## 28 February 2011

Dr. Alberto Ruiz - University Autonoma de Madrid

##### The BornÂ´s approximation in potential inverse scattering

Abstract:

We will study what information about the actual potential can be recover and reconstructed from the Born aproximation in the Schroedinger equation. In particular we prove that the rough part of the potential can be recovered, from different sets of inverse scattering data.

## 07 March 2011

Prof. Peter Gritzmann - Munich University of Technology

##### On Clustering Bodies, Gravity Polytopes and Power Diagrams: Computational Convexity in Agriculture

Abstract:

In geometric clustering, m objects in some R^d have to be partitioned into k clusters according to certain balancing constraints so as to optimize some distance-based objective function. The most prominent example in our context is that of the consolidation of farmland.

In particular, we present new structural and algorithmic results for underlying convex sets and diagrams that are at the basis of surprisingly tight approximation algorithms for optimal clusterings.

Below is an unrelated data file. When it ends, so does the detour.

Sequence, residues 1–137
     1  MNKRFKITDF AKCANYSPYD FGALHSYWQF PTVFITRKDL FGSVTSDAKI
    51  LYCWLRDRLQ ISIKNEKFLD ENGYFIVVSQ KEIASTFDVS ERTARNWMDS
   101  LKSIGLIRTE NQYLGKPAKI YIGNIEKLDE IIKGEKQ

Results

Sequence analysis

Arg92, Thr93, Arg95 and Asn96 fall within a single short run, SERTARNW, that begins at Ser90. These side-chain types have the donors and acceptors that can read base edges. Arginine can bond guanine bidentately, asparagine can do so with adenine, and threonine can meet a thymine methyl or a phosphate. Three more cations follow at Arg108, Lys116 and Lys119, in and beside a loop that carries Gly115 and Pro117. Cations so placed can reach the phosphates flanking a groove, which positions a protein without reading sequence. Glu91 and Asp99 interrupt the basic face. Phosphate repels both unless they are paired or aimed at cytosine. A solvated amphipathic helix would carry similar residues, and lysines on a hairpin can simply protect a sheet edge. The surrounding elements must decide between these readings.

## 14 March 2011

Prof Gregorii Seregin - Oxford and St-Petersburg

##### On the divergence free drifts

Abstract:

In the talk, we are going to discuss fine properties of solutions to the heat equation with the divergence free drift which is a bounded in time function taking values in the space of functions with bounded mean oscillations. The problem is motivated by Liouville type theorems for the Navier-Stokes equations. Our approach is based on higher integrability and Harnack's inequality. Some results are almost sharp.

## 21 March 2011

Dr Djoko Wirosoetisno - Durham

##### Navier-Stokes equations on the beta-plane

Abstract:

We show that the solution of the 2d Navier-Stokes equations on the beta-plane becomes more zonal as the rotation rate increases. Moreover, it is shown that for sufficiently large (but finite) rotation, the resulting flow is steady and stable, implying that the global attractor of the 2d NSE reduces to a point. We also discuss possible extension to the rotating sphere.